The S. B. Wheeler, 87 U.S. 385 (1873)
U.S. Supreme CourtThe S. B. Wheeler, 87 U.S. 20 Wall. 385 385 (1873)
The S. B. Wheeler
87 U.S. (20 Wall.) 385
1. The doctrine, over and over again ruled by this Court, that when in admiralty cases involving questions of fact alone, the district and circuit courts have both found in one way, every presumption is in favor of the decrees, and that there will be no reversal here unless for manifest error, again declared.
2. Whether the absence of a lookout at the bow of a sailing vessel, though at night, was or was not a contributing fault to a collision is a question of fact, and where on a libel for a collision both the district and the circuit courts have held that it was not, the general rule of practice just above stated, as to the effect of decisions by the two courts in one way, applies.
About one o'clock at night, on the 18th of July, 1871, a collision occurred in the Vineyard Sound between the schooners C. F. Beebe and S. B. Wheeler, by which the Beebe was sunk and totally lost. Hereupon her owners libeled the Wheeler in the District Court for the District of Massachusetts.
The libel alleged that the crew of the Beebe saw the green light of the other schooner something more than a mile off, and over their starboard bow; that the Beebe kept her course until it became apparent that the Wheeler had changed and was still changing her course to starboard, so as to make a collision inevitable, and until she was within a hundred feet of the Wheeler, when the helm of the latter was put to starboard, as the only thing that could be done with any hope of escaping the collision or relieving the force of the blow; that under this change of helm, she had fallen off about two points when the Wheeler struck her amidships on the starboard side and cut her in two.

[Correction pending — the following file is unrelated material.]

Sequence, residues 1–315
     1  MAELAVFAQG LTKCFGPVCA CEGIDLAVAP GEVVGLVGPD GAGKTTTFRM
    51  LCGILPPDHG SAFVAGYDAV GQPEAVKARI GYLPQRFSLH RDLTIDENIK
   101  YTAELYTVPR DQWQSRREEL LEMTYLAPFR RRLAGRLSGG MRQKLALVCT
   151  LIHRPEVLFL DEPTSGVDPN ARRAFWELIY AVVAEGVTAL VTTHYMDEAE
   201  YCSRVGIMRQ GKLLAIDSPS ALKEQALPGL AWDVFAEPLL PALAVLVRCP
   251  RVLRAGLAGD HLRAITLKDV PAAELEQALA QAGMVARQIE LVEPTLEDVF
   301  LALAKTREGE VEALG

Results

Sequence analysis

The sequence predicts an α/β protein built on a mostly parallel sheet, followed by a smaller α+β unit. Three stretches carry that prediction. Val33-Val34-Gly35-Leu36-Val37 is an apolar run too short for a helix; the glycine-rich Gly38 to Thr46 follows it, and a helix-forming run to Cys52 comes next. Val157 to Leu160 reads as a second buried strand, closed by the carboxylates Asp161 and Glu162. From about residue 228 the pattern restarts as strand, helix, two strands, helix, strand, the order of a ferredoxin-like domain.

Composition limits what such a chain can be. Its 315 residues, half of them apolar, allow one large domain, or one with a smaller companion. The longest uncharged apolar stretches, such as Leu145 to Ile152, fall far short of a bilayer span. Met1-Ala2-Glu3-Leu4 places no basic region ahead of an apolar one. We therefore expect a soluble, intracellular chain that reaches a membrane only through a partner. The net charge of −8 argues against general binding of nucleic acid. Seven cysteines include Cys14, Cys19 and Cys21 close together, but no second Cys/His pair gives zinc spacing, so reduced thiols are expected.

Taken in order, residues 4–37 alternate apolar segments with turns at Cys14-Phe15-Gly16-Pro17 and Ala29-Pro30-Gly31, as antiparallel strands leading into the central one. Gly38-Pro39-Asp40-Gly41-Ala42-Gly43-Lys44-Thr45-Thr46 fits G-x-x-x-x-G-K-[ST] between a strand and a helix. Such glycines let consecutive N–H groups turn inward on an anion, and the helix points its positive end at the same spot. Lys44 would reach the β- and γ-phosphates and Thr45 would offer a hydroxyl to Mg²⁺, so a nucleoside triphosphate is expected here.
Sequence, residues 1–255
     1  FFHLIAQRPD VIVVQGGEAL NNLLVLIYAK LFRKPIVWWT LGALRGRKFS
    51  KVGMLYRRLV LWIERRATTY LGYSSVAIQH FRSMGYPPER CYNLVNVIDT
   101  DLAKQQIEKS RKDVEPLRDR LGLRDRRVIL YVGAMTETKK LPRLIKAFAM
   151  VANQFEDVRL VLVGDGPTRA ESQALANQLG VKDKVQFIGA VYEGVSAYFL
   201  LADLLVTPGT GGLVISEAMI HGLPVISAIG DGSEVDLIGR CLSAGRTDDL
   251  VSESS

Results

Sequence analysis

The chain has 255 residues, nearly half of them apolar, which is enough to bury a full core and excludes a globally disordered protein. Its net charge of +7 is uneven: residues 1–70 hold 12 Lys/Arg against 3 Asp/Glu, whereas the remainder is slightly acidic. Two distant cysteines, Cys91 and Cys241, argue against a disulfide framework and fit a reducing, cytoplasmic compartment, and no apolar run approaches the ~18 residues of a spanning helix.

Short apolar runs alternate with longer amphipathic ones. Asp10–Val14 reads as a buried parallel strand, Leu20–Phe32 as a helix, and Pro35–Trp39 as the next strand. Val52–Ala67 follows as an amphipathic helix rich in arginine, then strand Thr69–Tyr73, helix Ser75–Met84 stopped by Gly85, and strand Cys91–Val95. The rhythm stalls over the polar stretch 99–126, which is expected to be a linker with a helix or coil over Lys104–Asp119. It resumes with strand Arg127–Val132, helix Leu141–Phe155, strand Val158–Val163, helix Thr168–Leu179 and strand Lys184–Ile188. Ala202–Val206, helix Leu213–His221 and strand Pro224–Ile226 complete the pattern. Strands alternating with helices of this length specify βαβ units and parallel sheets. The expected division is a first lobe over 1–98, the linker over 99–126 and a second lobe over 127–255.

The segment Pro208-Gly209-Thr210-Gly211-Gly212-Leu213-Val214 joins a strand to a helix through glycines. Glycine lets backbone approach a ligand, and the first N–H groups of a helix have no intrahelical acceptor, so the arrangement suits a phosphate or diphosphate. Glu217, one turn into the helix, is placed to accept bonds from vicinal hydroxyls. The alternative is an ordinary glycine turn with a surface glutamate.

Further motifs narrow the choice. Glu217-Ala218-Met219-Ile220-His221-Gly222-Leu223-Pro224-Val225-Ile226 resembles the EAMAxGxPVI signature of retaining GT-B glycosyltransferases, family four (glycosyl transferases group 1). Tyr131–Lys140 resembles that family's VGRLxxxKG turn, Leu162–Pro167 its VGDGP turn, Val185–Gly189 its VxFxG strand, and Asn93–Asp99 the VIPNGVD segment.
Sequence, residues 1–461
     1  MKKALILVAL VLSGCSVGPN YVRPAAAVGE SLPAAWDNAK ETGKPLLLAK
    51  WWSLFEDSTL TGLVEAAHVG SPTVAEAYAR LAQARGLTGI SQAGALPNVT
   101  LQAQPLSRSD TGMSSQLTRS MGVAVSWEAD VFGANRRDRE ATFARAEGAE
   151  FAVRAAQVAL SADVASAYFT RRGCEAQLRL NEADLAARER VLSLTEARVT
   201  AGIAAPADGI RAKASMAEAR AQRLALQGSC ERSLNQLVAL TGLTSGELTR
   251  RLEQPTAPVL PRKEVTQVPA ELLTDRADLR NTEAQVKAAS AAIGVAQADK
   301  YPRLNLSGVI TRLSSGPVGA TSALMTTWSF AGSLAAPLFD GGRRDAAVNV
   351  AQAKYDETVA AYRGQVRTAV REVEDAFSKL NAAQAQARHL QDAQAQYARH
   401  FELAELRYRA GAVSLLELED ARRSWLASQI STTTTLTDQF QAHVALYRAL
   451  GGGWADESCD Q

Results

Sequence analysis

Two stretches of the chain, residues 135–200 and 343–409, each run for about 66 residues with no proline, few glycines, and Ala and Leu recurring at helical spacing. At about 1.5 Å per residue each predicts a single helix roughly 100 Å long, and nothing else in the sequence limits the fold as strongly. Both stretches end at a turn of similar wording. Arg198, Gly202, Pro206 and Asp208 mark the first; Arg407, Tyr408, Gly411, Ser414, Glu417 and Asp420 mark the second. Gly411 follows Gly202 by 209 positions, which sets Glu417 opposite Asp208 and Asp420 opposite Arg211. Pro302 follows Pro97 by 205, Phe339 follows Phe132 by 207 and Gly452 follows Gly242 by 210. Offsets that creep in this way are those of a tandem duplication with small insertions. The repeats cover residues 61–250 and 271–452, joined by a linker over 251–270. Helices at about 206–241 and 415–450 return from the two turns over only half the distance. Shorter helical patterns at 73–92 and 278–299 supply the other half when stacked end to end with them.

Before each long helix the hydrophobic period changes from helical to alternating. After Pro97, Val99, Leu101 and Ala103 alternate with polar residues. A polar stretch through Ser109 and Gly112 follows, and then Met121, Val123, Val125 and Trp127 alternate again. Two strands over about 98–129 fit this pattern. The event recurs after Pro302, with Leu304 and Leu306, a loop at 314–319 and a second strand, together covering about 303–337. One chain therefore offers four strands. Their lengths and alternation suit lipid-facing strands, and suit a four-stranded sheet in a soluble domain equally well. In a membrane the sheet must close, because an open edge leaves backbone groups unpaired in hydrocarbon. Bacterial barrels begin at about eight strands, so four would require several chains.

The answer set up that a red light was seen from the Wheeler about a mile distant and on the port bow; that the master, who was in charge of the deck, kept his vessel off until the light was two points on his port bow, and then
ordered the helm to be steadied, and that afterwards, when said light was about seventy yards distant, the vessel bearing the light, and which proved to be the Beebe, suddenly fell away from the wind in the direction of the Wheeler; that the helm of the latter was immediately put hard a-port, and that she fell away, but that the Beebe came down across her bows rendering a collision unavoidable.
After hearing numerous witnesses on both sides (the testimony being conflicting, and that of the claimants disclosing the fact that their vessel had no lookout at its bow, and no question of law being raised in the case), the district court having found various facts as established by the evidence, dismissed the libel with costs, and on appeal the circuit court affirmed the decree. Thereupon the libellants appealed to this Court, where the matter was again elaborately argued on the evidence.